(Some names have been changed.)
That Sunday the Tanabatas came and picked us up in their white car, a carriage which would quickly become very familiar. We sat in the back with Kanako who, though quiet, didn’t seem too perturbed to have to share the back seat with two tall Americans who happened to be her teachers. We headed to church, and Heidi talked with the Tanabatas in her cheerful, loving way. Somehow she could talk to them in English and they could understand, but whenever I tried to say anything, it took but a few moments before they would turn to Heidi, who would translate by rephrasing what I had just said, at which point Tanabata-san would nod, understanding perfectly. I looked on, bewildered as to what I was doing wrong.
I was very nervous entering the Shin-Shimonoseki church, where we doffed our shoes in the genkan and pushed our socked feet into slippers—the proper inside footwear. The church slippers, though, are designed to fit Japanese feet, which they do quite well. I, however, do not possess Japanese feet. Thus, I wedged my elephantine American perambulators into the minuscule footwear, my heels sticking off the backs, and trod uncomfortably into the sanctuary, the slippers shifting about underneath my weight.
The church was small, the outside resembling a quaint country church, and the inside housing some twenty church members. People smiled at me, but few approached, although the pastor, a man named Kawaguchi, introduced himself as I limped about on the slippers, and I was handed a translation of his sermon rendered in English, for which I thanked him before sitting down.
I didn’t get to sit with Heidi; she played the piano, while Mrs. Tanabata and Kanako sang along to help lead worship. I sat alone, trying to follow the songs, which were mostly familiar but sung in Japanese. I had been told I could sing in English, and encouraged to belt out the music however I felt comfortable. Yet to sing in English seemed inharmonious with the Japanese words, as if I was singing an entirely different song while the congregation trilled away in their native tongue. I didn’t know the Japanese lyrics, but they were projected on a screen, and most were written in hiragana, which I had already studied, so I could sort of read it. I followed along as best I could, stumbling over the syllables, pausing frequently as I tried to decipher the next character. It wasn’t very worshipful, never mind reverential, but I wanted badly to praise in Japanese, not just because everyone else was doing it like some sort of international peer pressure system, but because I loved the sound of the language itself. Trying to concentrate on the words, I quickly found myself exhausted from straining to understand.
After a lull in the music, suddenly the announcer, the pastor’s wife, looked at me and said something, to which I likely gave an expression akin to a fifth grader when confronted with an equation in quantum physics. Heidi quickly explained that they were asking me to read the Bible verse that the pastor would be speaking on, flipping pages quickly through her Bible to assist me. The worship leader lady looked at me with kind expectation. Finally I found the words, and my tongue, and I read, self-consciously, slowly, but I’ve no idea now what verse it was. I wonder if I knew at the time.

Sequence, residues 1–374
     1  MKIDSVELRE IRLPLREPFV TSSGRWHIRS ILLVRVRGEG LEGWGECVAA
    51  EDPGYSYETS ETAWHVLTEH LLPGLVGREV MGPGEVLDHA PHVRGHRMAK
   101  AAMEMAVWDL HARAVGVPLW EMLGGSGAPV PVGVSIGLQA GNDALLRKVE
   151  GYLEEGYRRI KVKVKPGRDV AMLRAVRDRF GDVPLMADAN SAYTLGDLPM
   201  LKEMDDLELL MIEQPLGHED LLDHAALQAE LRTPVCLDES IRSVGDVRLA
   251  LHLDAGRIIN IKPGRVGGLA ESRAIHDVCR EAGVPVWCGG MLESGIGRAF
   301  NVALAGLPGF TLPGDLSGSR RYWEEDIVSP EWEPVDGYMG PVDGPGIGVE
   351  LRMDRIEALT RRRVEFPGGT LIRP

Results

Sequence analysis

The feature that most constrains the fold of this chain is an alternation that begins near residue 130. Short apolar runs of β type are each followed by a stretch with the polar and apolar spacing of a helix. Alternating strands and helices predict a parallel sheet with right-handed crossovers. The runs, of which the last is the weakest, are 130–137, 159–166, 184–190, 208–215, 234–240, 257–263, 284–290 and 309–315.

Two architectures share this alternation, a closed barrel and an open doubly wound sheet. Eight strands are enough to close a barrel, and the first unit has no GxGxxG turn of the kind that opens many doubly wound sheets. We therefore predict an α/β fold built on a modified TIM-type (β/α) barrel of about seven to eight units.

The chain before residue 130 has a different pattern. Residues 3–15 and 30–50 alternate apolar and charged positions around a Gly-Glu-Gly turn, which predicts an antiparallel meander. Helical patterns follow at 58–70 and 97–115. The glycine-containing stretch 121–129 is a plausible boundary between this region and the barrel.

The English-translated sermon didn’t prove to be much easier to understand than the music. It was machine-translated, meaning that Pastor Kawaguchi had written the sermon in Japanese, and then someone had run it through a computer program to translate it into English, which resulted in the occasional halfway coherent sentence amidst a marsh of garbled language. With my brain already mostly composed of rice gruel, many of the jumbled English sentences were quite near impenetrable, although I had to admit, all that mental processing necessary in deciphering what the pastor was saying certainly made me look at those old familiar texts in a slightly different light.
As Heidi had warned me in advance, after the church service concluded, there was the time of announcements—which included an announcement of me, introducing me to the congregation. I heard the worship leader say my name with her thick Japanese accent—“Neekorasu Dorisukoru”—and then I had to stand for the congregation’s appraisal and say a few words, wave, bow, and so on. I must have spoken a little Japanese, to which they reacted with pleased surprise—a response I would quickly discover was common, no matter how poor my Japanese might be. I didn’t say much, but after I was done those assembled broke out in applause. I sat down, blushing.
Then it was back into the social maelstrom. People wanted to talk with me, but no matter how slowly or how carefully I spoke, they didn’t understand. Rather, the usual response was for them to look at me with head slightly cocked to one side and a little grin on their faces, maybe pretending to understand but obviously failing to comprehend much. Then Heidi might come over, and they could understand her perfectly, even though she would usually talk in speedier English than I would. I didn’t get what the problem was. I didn’t know how to choose the particular English words that they could understand, or what particular grammatical structures they would be most familiar with. Nor did I understand the way to speak with precise pronunciation and confidence that would facilitate conversation, nor had I deduced the big part that familiarity and friendship can play in communication. I left church that day in a swirl of frustration, reprimanding myself for my failures, wishing that I knew how to do something right.